Let us not forget the Great Proletarian Cultural Revolution in China. That particular form of Maoist delirium wanted to rid China of all vestiges of middle class propriety, respectability, and Confucianism. It was not, dare we say, a grand aesthetic gesture, except in the sense of channeling the energy of itinerant youth into the effort to remake China as a work of art.

All of these clashes do set one's blood aboil, but they also produced some of the most violent destruction that human history has ever known.

I would never suggest that Camille Paglia supports these horrors. Her taste runs more to Elvis than Mussolini. And yet, she ought to acknowledge that many people have tried to make over the world and human nature, to make it fulfill the requirements of an artistic vision.

For the most part such efforts have produced far more horrors than did Queen Victoria and Lady Gaga.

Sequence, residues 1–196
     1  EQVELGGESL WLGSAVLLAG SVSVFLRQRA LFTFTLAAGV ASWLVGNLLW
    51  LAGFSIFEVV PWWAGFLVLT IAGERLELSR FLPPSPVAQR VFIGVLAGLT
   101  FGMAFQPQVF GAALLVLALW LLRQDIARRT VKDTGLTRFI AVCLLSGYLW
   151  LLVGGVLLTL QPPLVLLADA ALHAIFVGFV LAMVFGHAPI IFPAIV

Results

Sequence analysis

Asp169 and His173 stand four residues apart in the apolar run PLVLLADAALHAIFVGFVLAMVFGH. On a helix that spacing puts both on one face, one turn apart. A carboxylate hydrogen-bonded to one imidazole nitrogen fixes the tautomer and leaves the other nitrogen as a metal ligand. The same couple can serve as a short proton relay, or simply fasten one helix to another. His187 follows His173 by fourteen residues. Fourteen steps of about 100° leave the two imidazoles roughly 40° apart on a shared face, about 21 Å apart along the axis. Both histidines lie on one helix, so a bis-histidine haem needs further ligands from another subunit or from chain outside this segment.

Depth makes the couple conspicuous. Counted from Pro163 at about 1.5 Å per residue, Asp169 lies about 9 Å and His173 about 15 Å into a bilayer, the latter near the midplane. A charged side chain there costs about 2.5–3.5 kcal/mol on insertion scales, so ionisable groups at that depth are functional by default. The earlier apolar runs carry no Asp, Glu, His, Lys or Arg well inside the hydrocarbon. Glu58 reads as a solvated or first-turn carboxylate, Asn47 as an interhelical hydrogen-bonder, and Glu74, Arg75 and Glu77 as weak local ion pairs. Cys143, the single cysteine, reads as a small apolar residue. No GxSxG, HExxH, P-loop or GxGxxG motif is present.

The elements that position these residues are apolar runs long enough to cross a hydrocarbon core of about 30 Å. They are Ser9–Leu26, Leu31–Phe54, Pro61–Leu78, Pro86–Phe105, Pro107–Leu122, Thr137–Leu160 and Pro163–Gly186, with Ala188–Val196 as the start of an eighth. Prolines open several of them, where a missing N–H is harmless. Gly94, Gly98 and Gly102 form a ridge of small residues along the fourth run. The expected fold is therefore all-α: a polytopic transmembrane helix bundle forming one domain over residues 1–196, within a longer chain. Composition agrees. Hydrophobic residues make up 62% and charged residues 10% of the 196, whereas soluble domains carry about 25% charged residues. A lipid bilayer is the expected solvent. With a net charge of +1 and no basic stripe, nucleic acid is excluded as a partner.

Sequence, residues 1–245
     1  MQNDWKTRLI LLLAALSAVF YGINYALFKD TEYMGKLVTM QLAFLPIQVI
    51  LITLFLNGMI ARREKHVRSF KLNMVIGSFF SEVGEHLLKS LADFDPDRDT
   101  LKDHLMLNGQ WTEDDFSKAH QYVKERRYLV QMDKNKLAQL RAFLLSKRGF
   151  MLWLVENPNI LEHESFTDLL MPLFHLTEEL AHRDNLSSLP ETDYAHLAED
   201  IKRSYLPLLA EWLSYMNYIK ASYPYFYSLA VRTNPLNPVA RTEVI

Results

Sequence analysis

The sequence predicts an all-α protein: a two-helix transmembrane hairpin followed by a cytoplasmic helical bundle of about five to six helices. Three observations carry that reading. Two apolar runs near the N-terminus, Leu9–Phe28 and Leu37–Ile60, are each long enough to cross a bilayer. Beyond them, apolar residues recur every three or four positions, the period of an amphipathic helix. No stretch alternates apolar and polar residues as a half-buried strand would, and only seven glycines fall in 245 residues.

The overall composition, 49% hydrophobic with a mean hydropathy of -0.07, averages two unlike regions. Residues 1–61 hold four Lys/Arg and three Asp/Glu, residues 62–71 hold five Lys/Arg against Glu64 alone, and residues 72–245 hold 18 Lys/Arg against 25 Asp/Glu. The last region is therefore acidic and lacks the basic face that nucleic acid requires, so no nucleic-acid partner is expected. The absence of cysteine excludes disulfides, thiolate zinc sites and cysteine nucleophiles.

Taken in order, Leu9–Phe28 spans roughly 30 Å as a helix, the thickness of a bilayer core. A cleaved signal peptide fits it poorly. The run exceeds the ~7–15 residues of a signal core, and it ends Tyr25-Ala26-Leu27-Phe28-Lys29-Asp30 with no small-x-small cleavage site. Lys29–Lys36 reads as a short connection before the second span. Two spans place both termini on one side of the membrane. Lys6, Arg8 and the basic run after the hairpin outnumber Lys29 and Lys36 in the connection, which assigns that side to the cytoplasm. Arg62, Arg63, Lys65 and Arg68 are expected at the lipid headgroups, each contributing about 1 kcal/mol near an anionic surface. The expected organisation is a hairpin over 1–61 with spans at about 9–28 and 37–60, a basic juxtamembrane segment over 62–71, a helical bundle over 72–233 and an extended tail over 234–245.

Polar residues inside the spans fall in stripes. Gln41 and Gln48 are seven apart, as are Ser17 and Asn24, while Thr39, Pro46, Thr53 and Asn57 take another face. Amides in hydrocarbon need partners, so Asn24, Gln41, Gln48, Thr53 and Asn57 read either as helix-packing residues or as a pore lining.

11 comments:

dawg said...

She's a pointy head what do you expect.

Stuart Schneiderman said...

Point well taken...

vanderleun said...

That column is a beard. What she's probably really on about is an upclose and personal experience with the phenomenon called "Lesbian Bed Death."

Stuart Schneiderman said...

I think you are right about that... I had been thinking along those lines but refrained from saying it... thanks for having the courage to say what I didn't.

Meantime, I am wondering why the reaction to Paglia's article has been so positive...

Her ploy is to pretend that she favors lots of sex, and since everyone favors lots of sex, everyone seems to like the article.

And yet, that is not at all what it is about. I suppose it shows how easy it is to deceive people.

Anonymous said...